Color returned to Kagriss’s face shortly after, but it was mostly on her nose, and around her eyes as they swelled. They misted over and Kagriss looked like she was on the verge of tears.

“No no no! I don’t hate you!” Carmen cried. She forgot! She had been so embarrassed and bubbly inside that she had completely forgotten that Kagriss did not understand sarcasm, or anything that wasn’t literal or something literal.

As far as Kagriss was concerned, she had just professed her love to Carmen, only to get a load of mixed signals in return—foremost and clearest among an “I hate you” message.

What else was she supposed to do but take it at face value?

“I’m sorry, Kagriss. I don’t really hate you!” Carmen said. But it was too late, as Kagriss was already sniffling with tears rolling out of her eyes.

“But you said you hate me,” Kagriss said.

Carmen felt her face becoming wet with Kagriss’s tears.

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“No I didn’t—I mean yes I did, but that’s not what I meant. Um…um…”

How was she going to explain this to Kagriss? Carmen held her, rocking her back and forth as she tried to calm the girl down to no avail. “Um…I really didn’t mean it. This is something that we say to people we love too, and it’s not all bad. It could be said in a joking way too.”

“Really?” Kagriss’s voice was thin and weak from her little sobs that broke Carmen’s heart, and it through no one’s fault but her own.

“Yes, really. Like the ‘I hate you’ just now doesn’t really mean I don’t love you, it’s just… “ Carmen tried to find an explanation that made sense and wouldn’t cause a misunderstanding, but in her panic, she really couldn’t find one. To her, this kind of thing was basic, instinctual conversational skills that she picked up naturally.

No one taught her this, and now she had to teach Kagriss something she didn’t completely understand herself?

“It’s just what?”

“It’s hard to explain,” she muttered. “At that time, I was specifically talking about how I hate it when you make me embarrassed…” Carmen trailed off, but then forced herself to continue. She couldn’t back down here. “I said I hated it when you made me embarrassed, but I don’t really mean it. It’s proof of my affection for you to be able to say something so heavy and hurtful as a joke to you, knowing that our trust is enough to…to…”

To what? Carmen despaired as she searched for the right word to explain to Kagriss. She had never realized that things were this complicated.

While Carmen panicked, Kagriss managed to stop sobbing, although she continued to hiccup. She put a stop to that by stopping her breathing entirely.

She drew back away from Carmen, putting some distance between them so that she could see all of Carmen’s face.

“So Mistress doesn’t really hate me?”

Carmen quickly nodded, afraid that if she delayed even a little bit, Kagriss might take it as hesitation and start crying again. Luckily, after staring at her a bit more, Kagriss finally nodded too and pressed herself into Carmen’s arms again, squeezing tightly as if she was never going to let Carmen go.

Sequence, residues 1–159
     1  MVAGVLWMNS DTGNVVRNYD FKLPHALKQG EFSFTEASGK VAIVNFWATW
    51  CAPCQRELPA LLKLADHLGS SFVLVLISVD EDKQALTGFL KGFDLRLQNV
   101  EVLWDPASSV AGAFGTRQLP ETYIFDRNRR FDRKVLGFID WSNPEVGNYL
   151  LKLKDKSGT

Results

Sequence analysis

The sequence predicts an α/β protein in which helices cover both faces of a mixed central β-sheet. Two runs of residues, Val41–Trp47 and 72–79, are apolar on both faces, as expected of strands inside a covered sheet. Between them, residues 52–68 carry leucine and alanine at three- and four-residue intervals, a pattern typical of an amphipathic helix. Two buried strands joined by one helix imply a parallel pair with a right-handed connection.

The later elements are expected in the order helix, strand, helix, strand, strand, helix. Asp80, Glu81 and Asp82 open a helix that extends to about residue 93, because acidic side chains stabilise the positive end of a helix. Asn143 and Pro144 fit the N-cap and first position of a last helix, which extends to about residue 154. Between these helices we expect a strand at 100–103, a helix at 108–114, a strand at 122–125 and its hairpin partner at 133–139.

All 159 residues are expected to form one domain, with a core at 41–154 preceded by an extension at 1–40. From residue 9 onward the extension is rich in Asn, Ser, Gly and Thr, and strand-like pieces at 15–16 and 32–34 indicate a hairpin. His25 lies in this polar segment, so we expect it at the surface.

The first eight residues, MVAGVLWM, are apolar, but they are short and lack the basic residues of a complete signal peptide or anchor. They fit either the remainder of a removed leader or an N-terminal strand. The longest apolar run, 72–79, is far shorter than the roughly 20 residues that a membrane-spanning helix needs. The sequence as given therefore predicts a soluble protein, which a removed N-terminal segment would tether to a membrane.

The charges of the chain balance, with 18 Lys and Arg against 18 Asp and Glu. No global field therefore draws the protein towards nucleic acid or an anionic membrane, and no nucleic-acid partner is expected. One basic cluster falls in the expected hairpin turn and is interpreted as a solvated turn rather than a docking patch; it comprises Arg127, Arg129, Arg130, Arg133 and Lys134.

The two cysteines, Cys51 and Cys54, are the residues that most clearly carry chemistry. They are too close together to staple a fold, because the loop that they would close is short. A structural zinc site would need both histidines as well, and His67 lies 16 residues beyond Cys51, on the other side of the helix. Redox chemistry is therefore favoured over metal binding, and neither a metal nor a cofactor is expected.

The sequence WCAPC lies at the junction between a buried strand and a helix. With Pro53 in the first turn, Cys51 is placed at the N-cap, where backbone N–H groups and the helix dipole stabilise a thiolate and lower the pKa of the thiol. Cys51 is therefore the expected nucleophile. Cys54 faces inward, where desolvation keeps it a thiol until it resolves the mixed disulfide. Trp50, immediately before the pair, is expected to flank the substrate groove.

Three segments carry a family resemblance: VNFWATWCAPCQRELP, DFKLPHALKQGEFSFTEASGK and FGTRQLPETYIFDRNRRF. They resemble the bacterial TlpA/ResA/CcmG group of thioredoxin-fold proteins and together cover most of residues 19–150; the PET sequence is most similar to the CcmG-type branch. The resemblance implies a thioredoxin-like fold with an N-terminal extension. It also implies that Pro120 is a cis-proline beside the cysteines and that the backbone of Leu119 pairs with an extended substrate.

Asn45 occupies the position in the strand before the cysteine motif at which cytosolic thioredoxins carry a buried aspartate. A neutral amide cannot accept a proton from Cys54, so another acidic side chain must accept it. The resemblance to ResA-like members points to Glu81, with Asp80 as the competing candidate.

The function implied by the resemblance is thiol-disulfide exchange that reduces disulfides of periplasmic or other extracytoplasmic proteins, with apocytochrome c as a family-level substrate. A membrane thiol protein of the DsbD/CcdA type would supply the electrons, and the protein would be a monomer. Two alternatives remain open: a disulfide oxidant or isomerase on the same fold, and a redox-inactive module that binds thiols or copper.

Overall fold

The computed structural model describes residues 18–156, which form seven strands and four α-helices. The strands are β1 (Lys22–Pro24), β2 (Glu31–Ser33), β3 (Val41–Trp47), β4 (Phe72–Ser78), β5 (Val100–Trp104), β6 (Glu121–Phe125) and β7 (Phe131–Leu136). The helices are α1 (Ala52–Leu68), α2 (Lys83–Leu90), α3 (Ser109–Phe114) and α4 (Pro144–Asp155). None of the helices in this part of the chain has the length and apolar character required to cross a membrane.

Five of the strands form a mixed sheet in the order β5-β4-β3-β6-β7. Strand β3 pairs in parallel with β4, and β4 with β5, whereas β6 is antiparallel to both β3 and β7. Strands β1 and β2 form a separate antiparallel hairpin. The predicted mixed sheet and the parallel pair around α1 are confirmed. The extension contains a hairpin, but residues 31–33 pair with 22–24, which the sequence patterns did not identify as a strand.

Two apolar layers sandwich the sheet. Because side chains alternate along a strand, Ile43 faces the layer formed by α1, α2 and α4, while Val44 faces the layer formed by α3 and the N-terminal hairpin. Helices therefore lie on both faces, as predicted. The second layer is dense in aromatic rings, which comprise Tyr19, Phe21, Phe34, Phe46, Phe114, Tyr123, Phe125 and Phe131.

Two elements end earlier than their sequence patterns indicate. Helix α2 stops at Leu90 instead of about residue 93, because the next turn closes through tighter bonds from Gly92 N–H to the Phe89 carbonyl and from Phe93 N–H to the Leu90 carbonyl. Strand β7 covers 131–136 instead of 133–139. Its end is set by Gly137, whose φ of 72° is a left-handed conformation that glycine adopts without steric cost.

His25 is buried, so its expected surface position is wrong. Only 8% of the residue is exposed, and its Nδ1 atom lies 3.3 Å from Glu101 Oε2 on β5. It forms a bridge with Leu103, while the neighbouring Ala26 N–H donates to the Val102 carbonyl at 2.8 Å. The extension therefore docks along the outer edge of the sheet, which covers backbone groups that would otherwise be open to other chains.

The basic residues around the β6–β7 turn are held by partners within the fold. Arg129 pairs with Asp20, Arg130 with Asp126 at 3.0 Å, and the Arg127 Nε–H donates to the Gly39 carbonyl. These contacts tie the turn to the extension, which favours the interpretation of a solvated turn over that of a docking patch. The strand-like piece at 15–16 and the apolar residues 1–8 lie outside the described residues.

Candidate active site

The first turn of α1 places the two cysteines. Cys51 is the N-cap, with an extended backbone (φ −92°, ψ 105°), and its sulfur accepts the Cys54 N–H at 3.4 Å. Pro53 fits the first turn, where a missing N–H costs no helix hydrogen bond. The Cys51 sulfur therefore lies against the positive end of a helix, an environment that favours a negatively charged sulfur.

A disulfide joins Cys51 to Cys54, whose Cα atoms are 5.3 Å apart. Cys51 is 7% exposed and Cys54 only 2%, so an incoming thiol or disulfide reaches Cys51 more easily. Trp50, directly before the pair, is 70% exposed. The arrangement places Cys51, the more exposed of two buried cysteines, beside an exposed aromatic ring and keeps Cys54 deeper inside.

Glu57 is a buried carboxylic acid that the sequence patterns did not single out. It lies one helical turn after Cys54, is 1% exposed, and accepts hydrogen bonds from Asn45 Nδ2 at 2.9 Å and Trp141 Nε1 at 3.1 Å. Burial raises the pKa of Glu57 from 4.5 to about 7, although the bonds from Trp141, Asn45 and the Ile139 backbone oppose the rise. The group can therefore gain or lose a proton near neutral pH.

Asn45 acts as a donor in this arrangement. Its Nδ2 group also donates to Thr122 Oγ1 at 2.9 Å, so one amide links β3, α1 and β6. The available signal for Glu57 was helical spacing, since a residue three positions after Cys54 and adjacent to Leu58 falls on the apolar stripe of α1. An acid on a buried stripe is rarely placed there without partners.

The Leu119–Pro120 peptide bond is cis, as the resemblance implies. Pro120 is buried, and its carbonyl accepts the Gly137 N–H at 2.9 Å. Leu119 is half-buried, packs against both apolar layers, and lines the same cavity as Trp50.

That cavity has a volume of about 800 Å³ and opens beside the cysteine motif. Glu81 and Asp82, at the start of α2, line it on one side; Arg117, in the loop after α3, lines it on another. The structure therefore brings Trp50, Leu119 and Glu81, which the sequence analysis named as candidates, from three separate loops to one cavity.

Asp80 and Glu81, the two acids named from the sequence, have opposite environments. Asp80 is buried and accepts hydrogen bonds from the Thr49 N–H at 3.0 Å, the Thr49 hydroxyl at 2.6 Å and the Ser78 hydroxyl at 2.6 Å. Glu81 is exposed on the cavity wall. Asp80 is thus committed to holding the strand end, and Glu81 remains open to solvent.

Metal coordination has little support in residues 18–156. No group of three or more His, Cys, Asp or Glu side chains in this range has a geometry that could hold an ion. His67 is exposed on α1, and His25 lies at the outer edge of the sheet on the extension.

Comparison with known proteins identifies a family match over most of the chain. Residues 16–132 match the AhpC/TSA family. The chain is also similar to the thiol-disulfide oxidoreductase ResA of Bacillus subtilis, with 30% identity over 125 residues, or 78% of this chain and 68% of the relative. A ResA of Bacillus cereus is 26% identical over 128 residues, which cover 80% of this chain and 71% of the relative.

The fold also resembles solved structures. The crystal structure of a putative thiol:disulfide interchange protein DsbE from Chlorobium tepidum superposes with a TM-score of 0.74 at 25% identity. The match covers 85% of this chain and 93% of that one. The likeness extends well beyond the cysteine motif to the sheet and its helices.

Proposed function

In the end, she cried anyway, but it wasn’t those hurt little sniffles that Kagriss tried to hold back, but a loud cry filled with relief and other emotions that spilled out without holding back.

Kagriss trusted her enough to believe her even without hearing the whole explanation. Perhaps that was what Carmen had been trying to convey, even though she couldn’t put it into words.

Although the embrace was a little tight, Carmen made no move to get Kagriss off. After that little scare, Kagriss deserved what comfort Carmen could offer her right now.

From now on, she had to watch her words, or at least wait until Kagriss became more familiar with the intricacies of speech beyond the literal. But even so, Carmen wasn’t worried for Kagriss at all, since she was smart and will definitely be able to read between the lines and learn everything soon.

For the whole night, Kagriss stuck to Carmen, refusing to let go even when Carmen took flight and brought them to a bigger tree with a trunk big enough for Carmen to lean against.

So what ended up happening was the rather strange sight of Kagriss sitting in Carmen’s lap, one arm draped over Carmen’s neck and secured with her other while she buried her face in Carmen’s hair.

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They stayed like that for the whole night. It was only after the sky began to turn bright, and with Carmen’s insistence that it was time to go, that she finally got off.

To tell the truth, Carmen didn’t hate hugging like that. It filled her heart in much the same way that sex with Kagriss did, although it might not be as intense or as passionate. She wouldn’t have minded if the night had gone on forever.

If only she didn’t have things to do.

As Kagriss reluctantly flew away, Carmen reached out and grabbed her hand, stopping her flight. She looked at the ground, not wanting Kagriss to see her face as she asked. “Kagriss…if you’d like, we could do this tomorrow night as well?”

Swift movement of shadows from the edge of her vision barely gave her warning before something big slammed into her, knocking her off the tree until they both ended up side by side on the forest floor with Kagriss crushing the soul out of her again.